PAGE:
HK asset market poised to soar amid fund inflows

Updated: 2012-10-23 06:54

By Oswald Chen (HK Edition)

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 HK asset market poised to soar amid fund inflows

Pedestrians walk past Hong Kong Monetary Authority's office. Although the city's de facto central bank intervened in the foreign exchange market, a new wave of "hot money" is flooding into Hong Kong. Ted Aljibe / AFP Photo

The Hong Kong asset market is poised to rise as a new wave of "hot money" is pouring into the local financial system after the surge in Hong Kong dollar exchange rate compelled the Hong Kong Monetary Authority (HKMA) to intervene in the foreign exchange market last week.

The HKMA said it bought $603 million during New York trading hours on Oct 19 after the Hong Kong dollar moved to HK$7.75 - the strong end of its permitted trading range for the first time since December 2009 - compelling its intervention.

Credit Agricole Fixed Income Senior Strategist Frances Cheung expected the Hong Kong dollar to remain strong in the short run though the expected capital inflow scale will be less than the scale in 2009.

"Funds (will) continue to flow into Hong Kong given the monetary easing in the US and Europe," said Kenix Lai, a currency analyst at Bank of East Asia Ltd in Hong Kong. "That's evident by the rising stock market and property prices. I expect HKMA will still have to intervene in the near term as capital inflows continue."

The city's benchmark Hang Seng Index (HSI) rose 0.7 percent to 21697 on Oct 22, representing the eighth day of its cumulative rise of 3.7 percent. The index also rose 7.5 percent since the Fed's September announcement of more asset purchases, climbing 19 percent from this year's low on June 4.

"Fund inflows are betting on the possible economic bottoming-out of the mainland economy," Centaline Wealth Portfolio Manager David Leung told China Daily. "We expect the prices of those mainland-related cyclical shares such as resources, cement and bank will rebound in this new wave of liquidity-driven market."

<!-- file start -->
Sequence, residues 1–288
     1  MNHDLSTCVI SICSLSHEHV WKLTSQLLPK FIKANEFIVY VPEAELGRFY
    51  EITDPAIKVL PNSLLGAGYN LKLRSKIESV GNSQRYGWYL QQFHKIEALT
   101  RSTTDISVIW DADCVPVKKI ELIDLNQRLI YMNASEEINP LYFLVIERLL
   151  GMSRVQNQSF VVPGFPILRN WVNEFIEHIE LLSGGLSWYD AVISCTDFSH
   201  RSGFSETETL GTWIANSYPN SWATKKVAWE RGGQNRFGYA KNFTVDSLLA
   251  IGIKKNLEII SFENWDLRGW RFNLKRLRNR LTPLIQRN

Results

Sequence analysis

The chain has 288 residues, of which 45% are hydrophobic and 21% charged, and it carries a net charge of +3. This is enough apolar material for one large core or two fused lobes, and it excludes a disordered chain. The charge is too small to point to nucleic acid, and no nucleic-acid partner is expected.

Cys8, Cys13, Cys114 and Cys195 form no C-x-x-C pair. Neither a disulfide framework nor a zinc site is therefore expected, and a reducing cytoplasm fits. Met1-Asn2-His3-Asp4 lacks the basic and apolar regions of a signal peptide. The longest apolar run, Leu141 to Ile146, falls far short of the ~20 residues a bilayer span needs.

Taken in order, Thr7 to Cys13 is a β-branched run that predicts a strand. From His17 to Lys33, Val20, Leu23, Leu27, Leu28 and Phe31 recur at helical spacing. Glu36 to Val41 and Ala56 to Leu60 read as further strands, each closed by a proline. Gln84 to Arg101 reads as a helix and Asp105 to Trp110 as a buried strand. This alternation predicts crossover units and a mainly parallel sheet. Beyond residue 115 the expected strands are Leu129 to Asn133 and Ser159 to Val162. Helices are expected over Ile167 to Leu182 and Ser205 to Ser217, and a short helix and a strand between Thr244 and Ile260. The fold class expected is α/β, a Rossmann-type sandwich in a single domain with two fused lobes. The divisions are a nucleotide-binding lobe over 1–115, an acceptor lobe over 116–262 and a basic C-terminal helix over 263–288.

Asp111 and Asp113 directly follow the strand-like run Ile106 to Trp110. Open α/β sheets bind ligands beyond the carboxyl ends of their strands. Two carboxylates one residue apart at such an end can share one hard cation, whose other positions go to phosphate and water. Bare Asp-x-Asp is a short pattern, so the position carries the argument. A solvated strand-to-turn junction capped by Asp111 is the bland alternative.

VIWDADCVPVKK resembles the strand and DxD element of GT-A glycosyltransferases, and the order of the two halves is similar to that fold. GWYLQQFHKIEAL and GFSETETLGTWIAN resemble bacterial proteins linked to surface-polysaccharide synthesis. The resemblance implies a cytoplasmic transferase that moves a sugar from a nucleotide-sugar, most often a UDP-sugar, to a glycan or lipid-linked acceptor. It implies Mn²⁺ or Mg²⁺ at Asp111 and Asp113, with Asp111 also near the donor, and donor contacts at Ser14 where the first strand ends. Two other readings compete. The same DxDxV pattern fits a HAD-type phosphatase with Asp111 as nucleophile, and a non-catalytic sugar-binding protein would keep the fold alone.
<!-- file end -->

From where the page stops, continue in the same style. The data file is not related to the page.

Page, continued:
The HKMA explained its intervention is attributed by the "capital inflows into currency and equity markets in the region due to the recent increase in demand for the local currency, weakness in the US dollar and declining US interest rates."

Besides the stock market, the local property sector will be another magnate to attract overseas fund inflows. "BOCOM maintains overweight rating on Hong Kong property sector, as property remains the preferred investment amid renewed inflation expectations after the HKMA's injection of $600 million." BOCOM International's property analyst Alfred Lau said.

However, some other analysts are rather more cautious, saying that economic fundamentals of the global economy are still fragile, but they can still uplift the local asset market for a longer period.

"We still cannot say for sure when the mainland economy is bottoming out. What we are saying is that the mainland economy may not slump further as we had witnessed in the last several quarters," Haitong International Securities Director Patrick Pun told China Daily.

"The European debt crisis is still unresolved and this financial risk may trigger capital outflow at any time," Plotio Bullion (Hong Kong) Research Director Bruce Wong told China Daily. "However, we expect capital inflows into the city will remain until the end of this year given the current economic assessment."

Policy makers from around the world have bemoaned the economic threat of stronger exchange rates following the quantitative easing policies. The Fed initiated the QE3 on Sept 13, purchasing $40 billion of mortgage-backed securities per month, and said this will continue until the outlook for jobs improves "substantially."

The European Central Bank also pledged last month to buy the governments' bonds that agree to austerity conditions while the Bank of Japan boosted its asset-purchase fund by 10 trillion yen ($126 billion) and abandoned a minimum yield for the bonds it purchases.

Bloomberg contributed to this story

oswald@chinadailyhk.com

(HK Edition 10/23/2012 page2)